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The Winchester Moot Horn confirmed as 12th century original

The Winchester Moot Horn – one of the most popular objects on display in the City Museum - has recently been the subject of a major academic study. The results have just been published in the prestigious national journal Medieval Archaeology.

The 50cm long bronze horn has long been treasured by the city since it was found in a chest when the Westgate was being cleared in advance of its opening as a museum in 1898. At the time it was hailed as the ancient moot horn of the city used to summon the freemen to assemblies of the ‘Burrough Mote’. Its origins, however, were obscure and, with so little known about it, there were doubts as to the horn’s authenticity. Some even questioned whether it could be a Victorian replica.

Recent work has quashed that theory and shed some light on the object. A sample submitted to Peter Northover for analysis at Oxford University shows the metal of the horn to be leaded gunmetal with relatively low zinc content indicating a 12th century date. This result is compatible with the 12th century date suggested for it on the basis of the style of the four rampant lions and two standing bishops that decorate its mouth. Several towns in England have ancient horns but only Canterbury’s ‘Burghmote Horn’ is likely to be as old as Winchester’s Moot Horn.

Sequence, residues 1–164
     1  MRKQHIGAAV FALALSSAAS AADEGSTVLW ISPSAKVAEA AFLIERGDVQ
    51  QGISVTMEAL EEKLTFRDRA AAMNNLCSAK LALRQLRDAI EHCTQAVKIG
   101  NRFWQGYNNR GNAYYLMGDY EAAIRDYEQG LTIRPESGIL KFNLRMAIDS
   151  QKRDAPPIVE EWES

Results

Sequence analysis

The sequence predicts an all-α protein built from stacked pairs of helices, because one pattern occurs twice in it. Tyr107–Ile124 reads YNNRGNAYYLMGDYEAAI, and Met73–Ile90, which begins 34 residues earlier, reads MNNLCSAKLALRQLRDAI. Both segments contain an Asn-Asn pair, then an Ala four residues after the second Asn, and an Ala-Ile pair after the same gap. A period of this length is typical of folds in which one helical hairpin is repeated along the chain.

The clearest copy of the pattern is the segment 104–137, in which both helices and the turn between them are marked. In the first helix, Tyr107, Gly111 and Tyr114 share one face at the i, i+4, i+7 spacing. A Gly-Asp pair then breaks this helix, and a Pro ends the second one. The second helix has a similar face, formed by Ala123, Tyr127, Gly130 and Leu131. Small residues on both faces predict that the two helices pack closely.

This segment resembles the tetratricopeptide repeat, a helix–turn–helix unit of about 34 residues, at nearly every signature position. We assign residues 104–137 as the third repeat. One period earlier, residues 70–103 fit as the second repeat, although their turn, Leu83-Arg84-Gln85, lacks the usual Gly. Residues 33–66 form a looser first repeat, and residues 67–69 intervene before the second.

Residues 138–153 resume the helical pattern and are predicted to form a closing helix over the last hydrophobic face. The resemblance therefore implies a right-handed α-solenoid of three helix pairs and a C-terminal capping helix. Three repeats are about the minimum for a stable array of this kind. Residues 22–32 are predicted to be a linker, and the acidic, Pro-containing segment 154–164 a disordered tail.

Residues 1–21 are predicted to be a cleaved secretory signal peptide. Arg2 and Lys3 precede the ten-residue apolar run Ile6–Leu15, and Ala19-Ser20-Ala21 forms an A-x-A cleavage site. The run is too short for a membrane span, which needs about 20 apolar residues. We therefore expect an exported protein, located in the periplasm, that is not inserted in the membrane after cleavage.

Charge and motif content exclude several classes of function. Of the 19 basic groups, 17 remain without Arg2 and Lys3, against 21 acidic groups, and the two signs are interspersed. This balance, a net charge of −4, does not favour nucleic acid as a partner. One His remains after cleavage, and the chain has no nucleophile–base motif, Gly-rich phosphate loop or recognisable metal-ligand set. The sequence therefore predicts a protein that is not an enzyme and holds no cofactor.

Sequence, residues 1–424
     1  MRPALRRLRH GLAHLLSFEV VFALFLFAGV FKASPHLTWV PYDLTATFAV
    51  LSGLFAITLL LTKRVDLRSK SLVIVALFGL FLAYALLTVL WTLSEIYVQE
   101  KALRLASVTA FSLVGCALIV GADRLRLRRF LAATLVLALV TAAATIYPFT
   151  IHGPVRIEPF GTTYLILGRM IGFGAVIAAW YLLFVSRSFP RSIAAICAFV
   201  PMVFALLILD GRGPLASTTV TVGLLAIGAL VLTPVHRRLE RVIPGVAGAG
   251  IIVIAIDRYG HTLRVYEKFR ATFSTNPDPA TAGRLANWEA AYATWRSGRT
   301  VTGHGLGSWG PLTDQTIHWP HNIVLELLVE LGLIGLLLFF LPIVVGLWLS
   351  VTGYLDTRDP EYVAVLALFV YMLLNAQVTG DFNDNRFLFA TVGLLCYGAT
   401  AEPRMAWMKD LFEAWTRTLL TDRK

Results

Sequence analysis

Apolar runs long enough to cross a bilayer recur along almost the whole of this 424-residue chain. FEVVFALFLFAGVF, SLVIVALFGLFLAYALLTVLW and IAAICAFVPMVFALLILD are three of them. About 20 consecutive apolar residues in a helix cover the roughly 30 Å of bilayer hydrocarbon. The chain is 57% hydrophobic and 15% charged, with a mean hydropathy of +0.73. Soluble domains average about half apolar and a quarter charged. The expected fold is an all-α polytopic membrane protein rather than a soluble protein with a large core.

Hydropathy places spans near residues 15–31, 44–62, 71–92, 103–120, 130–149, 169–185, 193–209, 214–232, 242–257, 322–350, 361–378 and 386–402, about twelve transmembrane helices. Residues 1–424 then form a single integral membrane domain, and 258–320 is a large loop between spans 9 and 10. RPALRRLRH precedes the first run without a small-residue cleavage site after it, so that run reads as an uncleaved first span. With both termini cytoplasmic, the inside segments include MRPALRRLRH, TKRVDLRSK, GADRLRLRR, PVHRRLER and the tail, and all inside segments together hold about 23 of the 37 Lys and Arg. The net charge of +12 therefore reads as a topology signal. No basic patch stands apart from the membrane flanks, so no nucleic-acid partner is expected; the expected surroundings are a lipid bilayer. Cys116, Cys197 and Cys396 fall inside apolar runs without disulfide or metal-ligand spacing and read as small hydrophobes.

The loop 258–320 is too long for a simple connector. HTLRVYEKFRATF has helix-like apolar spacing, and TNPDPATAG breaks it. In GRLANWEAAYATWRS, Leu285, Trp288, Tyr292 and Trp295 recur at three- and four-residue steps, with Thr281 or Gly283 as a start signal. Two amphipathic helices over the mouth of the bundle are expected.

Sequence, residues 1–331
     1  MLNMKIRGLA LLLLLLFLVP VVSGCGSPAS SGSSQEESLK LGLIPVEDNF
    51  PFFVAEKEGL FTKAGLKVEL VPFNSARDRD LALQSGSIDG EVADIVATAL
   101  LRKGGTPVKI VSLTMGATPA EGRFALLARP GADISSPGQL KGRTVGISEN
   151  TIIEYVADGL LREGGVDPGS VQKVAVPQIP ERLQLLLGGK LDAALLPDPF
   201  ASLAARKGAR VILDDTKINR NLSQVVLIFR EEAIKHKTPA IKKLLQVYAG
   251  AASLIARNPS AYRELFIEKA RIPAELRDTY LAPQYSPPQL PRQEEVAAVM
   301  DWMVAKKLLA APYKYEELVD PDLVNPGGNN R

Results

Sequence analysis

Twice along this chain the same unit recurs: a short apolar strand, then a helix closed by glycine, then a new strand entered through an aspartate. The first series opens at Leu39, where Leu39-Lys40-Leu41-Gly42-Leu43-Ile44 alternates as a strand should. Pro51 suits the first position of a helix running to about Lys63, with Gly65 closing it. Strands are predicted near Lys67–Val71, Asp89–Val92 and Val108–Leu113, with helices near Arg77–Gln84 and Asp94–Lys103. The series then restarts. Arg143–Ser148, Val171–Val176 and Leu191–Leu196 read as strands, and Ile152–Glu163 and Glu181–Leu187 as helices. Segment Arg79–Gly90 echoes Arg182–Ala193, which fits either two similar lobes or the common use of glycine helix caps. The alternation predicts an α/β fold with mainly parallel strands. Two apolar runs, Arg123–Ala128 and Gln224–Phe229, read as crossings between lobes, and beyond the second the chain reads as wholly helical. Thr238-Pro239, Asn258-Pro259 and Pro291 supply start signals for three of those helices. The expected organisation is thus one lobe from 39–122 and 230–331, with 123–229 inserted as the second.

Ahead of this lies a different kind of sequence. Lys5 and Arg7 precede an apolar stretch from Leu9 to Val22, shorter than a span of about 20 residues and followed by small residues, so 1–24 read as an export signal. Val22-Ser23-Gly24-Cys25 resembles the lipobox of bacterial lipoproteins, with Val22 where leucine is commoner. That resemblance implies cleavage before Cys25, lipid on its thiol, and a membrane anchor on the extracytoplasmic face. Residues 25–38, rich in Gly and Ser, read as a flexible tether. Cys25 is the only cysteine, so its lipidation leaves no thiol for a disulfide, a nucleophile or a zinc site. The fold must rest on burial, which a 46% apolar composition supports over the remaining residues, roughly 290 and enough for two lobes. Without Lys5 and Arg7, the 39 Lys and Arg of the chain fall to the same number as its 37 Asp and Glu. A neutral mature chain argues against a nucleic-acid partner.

The horn can not only be viewed in the City Museum but it can also be heard! Tim Norris, one of the museum’s staff and a well known figure from the University of Winchester’s School of Music, was recorded playing the four true notes that the horn can produce (B below middle C, B an octave above, F# above that, and a top B above that).

In 1927 the horn was used to summon city councillors to a meeting when it was blown atop the Westgate by a soldier: the story goes that it could be heard on St Catherine’s Hill several miles away. Reflecting this tradition, a replica of the horn is blown at the annual mayor-making ceremony each May.

Cllr Patricia Stallard, portfolio holder for heritage, culture and sport, said,

“We are fortunate to have such a wealth of collections – cared for and researched by the City Council’s curators – that help define Winchester’s identity. The sort of solid academic work seen here is fundamental if we are all to understand and really benefit from these treasures.”

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